Publicity
from Fancyclopedia 2 ca. 1959
The principal avenue for fandom to be presented to the general public has been the stf prozines. Because of the necessity for keeping new recruits coming in, fandom has been eager to get publicity, but gagged at most of the mundane notices such as the infamous Time writeup of the 1939 convention, or the Toronto newspapers' reports of the Torcon, which make us out to be a lot of kids avidly interested in that crazy Buck Rogers stuff. Notices have been secured in various local papers when conventions were being held, and a few mentions of local club meetings have appeared in minor journals — almost invariably with some inaccuracies. Posters have been put in windows announcing conventions; banners strung around the hall and fans parading down the street in costume have attracted notice of passers-by, tho many feel that such things only serve to confirm the misimpression given by Time-style writeups. One of the duties consistently allotted to general fan organizations when they've been planned is handling of public relations.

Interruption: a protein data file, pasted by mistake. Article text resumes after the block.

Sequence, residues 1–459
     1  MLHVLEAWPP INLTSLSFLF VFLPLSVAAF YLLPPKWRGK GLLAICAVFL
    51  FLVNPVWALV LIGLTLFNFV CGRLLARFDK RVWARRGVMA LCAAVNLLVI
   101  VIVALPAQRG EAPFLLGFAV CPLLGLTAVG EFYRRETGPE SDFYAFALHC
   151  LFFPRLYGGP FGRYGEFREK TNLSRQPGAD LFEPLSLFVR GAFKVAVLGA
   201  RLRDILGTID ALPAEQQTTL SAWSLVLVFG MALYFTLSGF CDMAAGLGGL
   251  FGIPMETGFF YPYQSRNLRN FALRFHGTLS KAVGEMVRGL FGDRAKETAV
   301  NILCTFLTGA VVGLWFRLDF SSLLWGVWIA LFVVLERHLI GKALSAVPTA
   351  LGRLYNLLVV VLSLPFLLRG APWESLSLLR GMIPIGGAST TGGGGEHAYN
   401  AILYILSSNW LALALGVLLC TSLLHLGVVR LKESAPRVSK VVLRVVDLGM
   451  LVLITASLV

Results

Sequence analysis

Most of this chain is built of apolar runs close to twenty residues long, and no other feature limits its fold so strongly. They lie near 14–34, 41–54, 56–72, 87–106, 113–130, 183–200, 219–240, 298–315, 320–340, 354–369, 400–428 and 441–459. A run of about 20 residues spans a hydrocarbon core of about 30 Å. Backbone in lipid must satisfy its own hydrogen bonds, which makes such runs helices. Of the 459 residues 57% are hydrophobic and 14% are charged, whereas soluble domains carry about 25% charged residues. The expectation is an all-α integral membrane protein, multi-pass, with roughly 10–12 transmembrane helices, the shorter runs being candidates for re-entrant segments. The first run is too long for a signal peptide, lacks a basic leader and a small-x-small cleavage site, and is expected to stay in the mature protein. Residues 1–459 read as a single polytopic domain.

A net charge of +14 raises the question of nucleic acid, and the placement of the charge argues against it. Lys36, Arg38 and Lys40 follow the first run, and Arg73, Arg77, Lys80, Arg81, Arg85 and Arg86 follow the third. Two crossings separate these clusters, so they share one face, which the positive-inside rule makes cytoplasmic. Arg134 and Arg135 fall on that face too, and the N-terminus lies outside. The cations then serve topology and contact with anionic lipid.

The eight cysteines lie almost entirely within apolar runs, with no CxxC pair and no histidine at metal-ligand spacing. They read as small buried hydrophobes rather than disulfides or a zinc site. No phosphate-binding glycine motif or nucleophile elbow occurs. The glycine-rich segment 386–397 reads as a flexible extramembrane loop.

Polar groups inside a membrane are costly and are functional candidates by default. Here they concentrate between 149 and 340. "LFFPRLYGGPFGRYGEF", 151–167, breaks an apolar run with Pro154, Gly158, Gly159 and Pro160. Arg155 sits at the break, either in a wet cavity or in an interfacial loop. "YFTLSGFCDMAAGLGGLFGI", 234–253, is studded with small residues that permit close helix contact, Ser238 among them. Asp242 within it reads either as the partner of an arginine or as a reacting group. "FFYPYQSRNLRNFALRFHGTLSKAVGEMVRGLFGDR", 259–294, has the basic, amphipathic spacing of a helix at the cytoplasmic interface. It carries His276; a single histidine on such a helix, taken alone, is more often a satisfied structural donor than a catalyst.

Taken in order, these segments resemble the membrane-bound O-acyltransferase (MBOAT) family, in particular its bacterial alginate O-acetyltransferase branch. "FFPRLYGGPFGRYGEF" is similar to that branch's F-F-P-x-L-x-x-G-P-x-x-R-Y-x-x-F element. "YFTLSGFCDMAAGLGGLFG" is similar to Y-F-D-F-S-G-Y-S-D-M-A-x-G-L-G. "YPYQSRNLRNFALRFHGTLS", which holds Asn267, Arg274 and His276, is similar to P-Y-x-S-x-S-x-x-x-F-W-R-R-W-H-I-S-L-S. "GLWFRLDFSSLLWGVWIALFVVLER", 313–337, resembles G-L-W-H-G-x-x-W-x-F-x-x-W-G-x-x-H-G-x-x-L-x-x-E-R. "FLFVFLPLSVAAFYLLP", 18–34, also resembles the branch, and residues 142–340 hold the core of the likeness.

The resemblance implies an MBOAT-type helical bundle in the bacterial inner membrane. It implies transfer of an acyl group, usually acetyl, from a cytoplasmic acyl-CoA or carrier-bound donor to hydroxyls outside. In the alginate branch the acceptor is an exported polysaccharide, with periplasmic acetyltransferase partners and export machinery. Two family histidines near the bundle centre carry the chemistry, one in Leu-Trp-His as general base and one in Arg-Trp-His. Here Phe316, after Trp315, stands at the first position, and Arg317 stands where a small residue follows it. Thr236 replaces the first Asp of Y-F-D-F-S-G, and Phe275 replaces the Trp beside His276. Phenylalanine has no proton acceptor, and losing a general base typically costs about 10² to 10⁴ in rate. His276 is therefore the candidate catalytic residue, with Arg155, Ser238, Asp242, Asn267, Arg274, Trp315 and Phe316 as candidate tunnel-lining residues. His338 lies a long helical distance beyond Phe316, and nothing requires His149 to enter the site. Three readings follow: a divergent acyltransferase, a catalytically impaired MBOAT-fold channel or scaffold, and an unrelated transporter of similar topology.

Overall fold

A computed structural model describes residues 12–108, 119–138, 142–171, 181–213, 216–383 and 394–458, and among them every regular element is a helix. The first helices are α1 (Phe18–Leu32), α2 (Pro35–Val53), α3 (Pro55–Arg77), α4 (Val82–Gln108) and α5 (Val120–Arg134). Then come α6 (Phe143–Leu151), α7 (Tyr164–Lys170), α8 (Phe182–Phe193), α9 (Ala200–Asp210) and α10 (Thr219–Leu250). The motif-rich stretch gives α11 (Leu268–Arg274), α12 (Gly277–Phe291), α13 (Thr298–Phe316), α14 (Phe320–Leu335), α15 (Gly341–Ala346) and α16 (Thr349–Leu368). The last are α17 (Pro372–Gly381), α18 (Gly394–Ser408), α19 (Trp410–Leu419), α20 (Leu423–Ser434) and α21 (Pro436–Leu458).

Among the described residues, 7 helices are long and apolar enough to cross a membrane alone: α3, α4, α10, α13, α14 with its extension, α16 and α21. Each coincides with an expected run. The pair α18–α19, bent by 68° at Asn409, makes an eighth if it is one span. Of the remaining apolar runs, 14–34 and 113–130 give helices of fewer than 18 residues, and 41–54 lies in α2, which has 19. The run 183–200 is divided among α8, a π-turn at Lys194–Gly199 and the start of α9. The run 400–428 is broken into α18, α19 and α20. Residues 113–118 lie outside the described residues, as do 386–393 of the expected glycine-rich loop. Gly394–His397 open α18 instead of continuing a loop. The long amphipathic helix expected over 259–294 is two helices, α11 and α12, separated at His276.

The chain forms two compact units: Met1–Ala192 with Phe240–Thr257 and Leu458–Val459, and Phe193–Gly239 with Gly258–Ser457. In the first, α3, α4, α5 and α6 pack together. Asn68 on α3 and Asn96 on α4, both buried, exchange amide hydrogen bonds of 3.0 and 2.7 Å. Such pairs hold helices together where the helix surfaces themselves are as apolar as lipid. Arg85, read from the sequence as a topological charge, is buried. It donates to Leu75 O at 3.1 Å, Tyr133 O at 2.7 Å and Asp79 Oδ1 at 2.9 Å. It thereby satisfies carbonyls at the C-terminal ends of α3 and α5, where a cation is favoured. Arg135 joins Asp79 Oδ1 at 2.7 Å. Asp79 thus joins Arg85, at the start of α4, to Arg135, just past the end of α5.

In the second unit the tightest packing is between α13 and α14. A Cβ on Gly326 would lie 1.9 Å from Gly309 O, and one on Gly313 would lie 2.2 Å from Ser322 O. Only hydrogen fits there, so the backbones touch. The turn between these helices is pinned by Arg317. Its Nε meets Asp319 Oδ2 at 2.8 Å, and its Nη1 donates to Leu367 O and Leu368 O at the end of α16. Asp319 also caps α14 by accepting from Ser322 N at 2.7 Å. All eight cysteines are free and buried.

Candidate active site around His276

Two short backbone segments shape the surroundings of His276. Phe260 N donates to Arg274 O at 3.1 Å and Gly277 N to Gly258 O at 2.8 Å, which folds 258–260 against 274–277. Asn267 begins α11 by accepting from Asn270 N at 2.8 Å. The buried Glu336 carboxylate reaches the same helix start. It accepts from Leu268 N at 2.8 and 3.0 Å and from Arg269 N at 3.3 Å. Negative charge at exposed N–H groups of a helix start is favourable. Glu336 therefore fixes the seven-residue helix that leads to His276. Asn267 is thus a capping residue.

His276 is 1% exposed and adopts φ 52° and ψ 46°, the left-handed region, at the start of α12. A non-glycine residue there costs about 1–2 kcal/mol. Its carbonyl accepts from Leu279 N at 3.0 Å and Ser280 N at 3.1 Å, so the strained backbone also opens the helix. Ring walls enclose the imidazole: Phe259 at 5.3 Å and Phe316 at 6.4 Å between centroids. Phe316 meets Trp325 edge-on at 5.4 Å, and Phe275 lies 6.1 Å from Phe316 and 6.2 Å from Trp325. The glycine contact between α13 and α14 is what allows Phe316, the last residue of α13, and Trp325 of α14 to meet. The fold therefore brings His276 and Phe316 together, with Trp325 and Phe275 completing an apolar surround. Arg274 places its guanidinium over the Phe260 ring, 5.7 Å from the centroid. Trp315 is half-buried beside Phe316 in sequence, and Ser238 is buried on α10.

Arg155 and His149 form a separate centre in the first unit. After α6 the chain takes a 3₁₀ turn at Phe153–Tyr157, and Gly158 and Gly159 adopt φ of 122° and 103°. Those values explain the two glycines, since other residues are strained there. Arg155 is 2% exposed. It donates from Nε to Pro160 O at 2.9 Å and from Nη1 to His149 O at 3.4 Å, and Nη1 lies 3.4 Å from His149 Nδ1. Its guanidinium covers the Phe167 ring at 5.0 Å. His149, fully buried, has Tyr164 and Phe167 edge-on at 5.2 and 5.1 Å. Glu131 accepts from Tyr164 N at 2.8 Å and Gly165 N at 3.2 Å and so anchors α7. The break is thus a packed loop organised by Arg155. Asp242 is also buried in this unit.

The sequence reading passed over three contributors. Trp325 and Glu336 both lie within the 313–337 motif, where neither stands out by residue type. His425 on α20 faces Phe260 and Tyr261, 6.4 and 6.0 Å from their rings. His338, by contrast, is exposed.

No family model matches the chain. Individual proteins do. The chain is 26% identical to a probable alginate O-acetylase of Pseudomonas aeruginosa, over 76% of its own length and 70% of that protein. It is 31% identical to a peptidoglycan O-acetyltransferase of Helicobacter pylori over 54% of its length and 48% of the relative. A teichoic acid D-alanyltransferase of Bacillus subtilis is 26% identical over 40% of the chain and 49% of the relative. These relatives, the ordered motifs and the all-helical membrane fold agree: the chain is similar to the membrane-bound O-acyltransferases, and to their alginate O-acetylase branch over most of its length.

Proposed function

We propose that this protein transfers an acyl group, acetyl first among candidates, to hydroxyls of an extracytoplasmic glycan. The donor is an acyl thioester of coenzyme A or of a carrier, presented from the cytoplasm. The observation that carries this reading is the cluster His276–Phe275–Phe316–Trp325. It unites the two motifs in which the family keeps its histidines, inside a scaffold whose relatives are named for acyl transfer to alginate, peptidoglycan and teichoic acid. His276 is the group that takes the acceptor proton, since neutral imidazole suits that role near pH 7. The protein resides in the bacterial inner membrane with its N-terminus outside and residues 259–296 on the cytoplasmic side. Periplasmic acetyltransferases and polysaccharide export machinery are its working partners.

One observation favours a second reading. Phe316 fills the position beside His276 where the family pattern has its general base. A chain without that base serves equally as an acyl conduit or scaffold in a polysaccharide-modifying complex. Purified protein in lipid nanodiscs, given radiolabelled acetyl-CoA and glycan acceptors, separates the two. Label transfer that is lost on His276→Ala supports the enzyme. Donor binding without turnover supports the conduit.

from Fancyclopedia 1 ca. 1944
The principal avenue for fandom to be presented to the general public has been the pro stf magazines. Because of the necessity for keeping new recruits coming in, fandom has been eager to get publicity, but has gagged at publicity such as the Time writeup of the 1939 convention, which makes it out to be a lot of kids avidly interested in the prozines. Notices have been secured in various local papers when conventions were being held, and a few mentions of local club meetings in minor journals, almost invariably with some inaccuracies. Posters have been put up in windows announcing conventions, banners strung around the hall, and fans parading down the street in costume have attracted notice of passersby, but many feel that that only serves to confirm the misimpressions given by the Time and New Yorker writeups. One of the duties consistently allotted to general fan organizations when they've been planned is handling of public relations. Favorable publicity in an unexpected medium was Anthony Boucher's detective story Rocket to the Morgue, with a background of stf authors and fans.